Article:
Branson said today he wouldn’t be making a formal speech, instead answering questions put to him by Key.

“Anything he asks me I’ll answer.”

In a fly-by visit to Shakespear Regional Park north of Auckland this afternoon Branson appeared delighted with New Zealand’s fauna, saying no where else in the world had made the same commitment to eradicating pests.

The Government has committed to making New Zealand predator-free by 2050.

Entrepreneurs needed to play their part in helping governments and social groups come up with solutions to the world’s problems, Branson said.

“We at Virgin play quite a big role in protecting species and it’s great to see it happening here,” a slightly puffed Branson told the Herald as he walked through the regional park.

“The latest move to aim at getting rid of species by 2050 is tremendous, I think you’re the only country in the world that’s made that pledge.

(Source: http://www.nzherald.co.nz/nz/news/article.cfm?c_id=1&objectid=11825552 )

23 Aug 16 – Auckland couple at war with neighbours over peach tree

Hiring a contractor to cut down a tree is standard household business – except when the tree is in your neighbour’s garden.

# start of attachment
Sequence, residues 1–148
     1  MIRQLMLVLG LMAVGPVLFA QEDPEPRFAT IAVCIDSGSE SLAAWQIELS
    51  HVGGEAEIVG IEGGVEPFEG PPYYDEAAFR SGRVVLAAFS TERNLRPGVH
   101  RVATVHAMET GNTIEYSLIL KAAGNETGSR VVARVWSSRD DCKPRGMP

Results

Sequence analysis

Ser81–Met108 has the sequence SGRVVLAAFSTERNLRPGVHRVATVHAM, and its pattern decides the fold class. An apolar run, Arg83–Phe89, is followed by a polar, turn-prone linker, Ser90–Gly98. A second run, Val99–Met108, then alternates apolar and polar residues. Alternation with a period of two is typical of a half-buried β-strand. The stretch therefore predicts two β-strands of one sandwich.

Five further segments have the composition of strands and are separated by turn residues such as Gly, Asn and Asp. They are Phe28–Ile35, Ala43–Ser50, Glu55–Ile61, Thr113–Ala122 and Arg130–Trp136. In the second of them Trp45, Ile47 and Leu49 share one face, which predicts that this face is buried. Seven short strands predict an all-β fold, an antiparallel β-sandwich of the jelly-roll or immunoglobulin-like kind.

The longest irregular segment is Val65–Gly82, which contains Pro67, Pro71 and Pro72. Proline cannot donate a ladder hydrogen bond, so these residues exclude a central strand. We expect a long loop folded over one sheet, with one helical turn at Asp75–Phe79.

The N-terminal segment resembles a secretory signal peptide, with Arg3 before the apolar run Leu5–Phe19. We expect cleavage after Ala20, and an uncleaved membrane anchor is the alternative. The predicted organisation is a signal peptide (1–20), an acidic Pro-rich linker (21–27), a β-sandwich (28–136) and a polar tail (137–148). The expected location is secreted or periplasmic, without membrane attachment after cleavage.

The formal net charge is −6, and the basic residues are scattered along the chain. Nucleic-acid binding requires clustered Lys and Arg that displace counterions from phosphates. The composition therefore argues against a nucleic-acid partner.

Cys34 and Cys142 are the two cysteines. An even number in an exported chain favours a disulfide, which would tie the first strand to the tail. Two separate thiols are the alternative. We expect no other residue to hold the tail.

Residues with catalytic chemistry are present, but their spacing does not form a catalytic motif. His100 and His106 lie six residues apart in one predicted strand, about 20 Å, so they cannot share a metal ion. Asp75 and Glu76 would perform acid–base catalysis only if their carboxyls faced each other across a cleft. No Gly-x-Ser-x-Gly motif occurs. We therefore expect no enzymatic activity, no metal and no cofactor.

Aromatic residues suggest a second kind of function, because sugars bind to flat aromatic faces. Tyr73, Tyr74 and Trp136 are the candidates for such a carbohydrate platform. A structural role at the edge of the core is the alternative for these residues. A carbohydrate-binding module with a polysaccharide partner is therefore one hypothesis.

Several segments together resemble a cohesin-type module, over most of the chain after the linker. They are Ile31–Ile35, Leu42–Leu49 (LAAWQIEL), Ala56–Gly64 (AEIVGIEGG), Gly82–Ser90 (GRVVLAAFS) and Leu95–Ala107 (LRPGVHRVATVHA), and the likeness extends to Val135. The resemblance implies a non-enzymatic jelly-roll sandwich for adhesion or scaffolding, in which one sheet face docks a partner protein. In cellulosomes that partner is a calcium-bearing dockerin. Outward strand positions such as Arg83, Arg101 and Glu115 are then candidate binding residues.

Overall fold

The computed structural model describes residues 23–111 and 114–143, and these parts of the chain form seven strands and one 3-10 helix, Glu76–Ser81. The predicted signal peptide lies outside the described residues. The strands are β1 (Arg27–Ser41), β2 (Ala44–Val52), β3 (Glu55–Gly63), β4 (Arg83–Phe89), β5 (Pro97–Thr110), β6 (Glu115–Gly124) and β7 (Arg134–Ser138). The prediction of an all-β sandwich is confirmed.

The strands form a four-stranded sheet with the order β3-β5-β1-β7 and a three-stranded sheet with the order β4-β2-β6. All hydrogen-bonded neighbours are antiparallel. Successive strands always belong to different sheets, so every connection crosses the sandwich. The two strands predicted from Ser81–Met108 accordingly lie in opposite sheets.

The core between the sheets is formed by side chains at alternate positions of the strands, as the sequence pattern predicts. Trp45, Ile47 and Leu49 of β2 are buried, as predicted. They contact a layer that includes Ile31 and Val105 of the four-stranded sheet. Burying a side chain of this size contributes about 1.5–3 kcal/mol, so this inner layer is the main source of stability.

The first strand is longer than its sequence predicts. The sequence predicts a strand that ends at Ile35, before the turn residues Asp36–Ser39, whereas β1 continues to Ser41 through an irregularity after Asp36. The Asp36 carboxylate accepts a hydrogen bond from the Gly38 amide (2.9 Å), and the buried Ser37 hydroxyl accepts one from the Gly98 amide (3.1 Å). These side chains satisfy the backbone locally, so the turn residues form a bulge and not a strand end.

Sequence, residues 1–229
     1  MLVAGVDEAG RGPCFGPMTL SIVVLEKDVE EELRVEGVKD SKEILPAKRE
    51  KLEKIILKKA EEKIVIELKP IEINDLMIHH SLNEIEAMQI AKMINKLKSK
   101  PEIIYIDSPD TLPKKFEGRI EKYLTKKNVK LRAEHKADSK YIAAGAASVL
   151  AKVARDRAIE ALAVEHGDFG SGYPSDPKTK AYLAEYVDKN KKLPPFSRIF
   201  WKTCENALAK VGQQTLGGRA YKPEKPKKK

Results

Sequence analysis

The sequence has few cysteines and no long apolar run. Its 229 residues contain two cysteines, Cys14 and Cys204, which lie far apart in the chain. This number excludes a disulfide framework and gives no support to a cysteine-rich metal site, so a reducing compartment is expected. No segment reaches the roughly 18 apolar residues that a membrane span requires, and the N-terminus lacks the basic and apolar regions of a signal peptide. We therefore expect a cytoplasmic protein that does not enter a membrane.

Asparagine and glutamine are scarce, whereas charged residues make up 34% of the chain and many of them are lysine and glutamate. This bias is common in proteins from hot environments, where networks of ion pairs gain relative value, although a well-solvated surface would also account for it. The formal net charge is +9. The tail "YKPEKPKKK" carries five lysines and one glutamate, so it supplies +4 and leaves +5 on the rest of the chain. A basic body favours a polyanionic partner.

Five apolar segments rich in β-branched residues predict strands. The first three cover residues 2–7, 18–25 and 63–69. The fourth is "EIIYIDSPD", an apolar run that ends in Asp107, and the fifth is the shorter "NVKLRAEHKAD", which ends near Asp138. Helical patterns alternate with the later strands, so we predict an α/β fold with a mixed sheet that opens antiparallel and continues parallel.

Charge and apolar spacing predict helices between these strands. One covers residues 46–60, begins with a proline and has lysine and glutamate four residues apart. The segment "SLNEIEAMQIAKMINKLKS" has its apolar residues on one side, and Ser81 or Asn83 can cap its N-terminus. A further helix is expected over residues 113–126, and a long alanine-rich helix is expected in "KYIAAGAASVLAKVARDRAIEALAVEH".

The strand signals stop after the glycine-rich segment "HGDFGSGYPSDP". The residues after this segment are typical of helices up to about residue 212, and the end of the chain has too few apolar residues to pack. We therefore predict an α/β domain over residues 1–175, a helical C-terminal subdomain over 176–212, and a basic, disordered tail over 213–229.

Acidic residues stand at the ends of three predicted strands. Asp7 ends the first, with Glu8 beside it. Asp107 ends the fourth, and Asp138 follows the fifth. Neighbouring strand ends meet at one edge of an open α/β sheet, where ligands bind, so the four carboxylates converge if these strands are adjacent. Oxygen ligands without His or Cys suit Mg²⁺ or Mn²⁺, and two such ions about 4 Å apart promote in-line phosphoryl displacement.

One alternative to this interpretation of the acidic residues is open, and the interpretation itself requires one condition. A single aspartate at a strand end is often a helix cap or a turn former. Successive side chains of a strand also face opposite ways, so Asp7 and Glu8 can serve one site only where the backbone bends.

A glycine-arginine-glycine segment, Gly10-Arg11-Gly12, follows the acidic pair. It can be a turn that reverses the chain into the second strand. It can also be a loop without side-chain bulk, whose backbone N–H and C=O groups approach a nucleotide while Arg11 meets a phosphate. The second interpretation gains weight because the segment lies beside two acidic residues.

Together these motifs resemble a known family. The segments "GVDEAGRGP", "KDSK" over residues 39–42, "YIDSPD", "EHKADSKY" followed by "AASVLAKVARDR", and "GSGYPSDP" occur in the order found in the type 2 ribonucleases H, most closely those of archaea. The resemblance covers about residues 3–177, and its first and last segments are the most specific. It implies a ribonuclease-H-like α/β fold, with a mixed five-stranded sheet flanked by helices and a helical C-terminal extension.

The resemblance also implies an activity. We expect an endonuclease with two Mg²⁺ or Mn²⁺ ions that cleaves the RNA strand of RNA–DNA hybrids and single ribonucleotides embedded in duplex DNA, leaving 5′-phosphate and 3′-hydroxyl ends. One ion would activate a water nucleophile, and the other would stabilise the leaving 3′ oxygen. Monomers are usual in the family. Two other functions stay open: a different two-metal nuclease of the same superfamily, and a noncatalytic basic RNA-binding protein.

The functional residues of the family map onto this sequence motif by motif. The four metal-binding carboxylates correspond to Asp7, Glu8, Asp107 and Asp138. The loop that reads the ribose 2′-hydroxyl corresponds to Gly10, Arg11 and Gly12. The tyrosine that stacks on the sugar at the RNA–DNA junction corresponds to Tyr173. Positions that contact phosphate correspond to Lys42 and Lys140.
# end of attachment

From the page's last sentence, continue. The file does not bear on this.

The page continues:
Police agree with Flat Bush couple Iris and Chao Chang that their neighbours hired an arborist to cut down their 4.5m tall peach tree without their permission, but say there is not enough evidence or public interest to prosecute for wilful damage.

The Changs say they feel let down that they cannot get justice for their damaged property, and the situation has left them $2000 out of pocket, stressed and upset.

“We are very, very upset,” said Mrs Chang. “We have been left with a stump and a broken heart.”

The couple live on Topland Drive in south-east Auckland and share a fence-line with the Shi family on Darion Place.

The Changs take pride in their trees, and were especially fond of their large Golden Peach tree which bore “delicious, sweet” fruit in the summer.

Last year, Chang gave permission for the neighbours to trim the leaves and branches that hung over their fence, but in June discovered the nine-year-old tree had been felled and just a stump remained.

He said he confronted his neighbour, Xin Shi, and his wife confronted Shi’s father on separate occasions and both men admitted they had hired a contractor to fell the tree.

Chang said he made a covert recording of the conversation, which was in Mandarin, and used it to lay a complaint with police.

Police responded to the incident and made some enquiries.

In correspondence with the Changs, a police officer said: “I am in agreeance [sic] with the complainant that the damage to the tree was caused at the directions of the suspect.

“However due to his denial a [warning] cannot be issued. Advised complainant to seek redress through civil routes should he wish to pursue further.”

Mr Chang said the couple were very distressed by the finding, as they wanted justice for their property damage.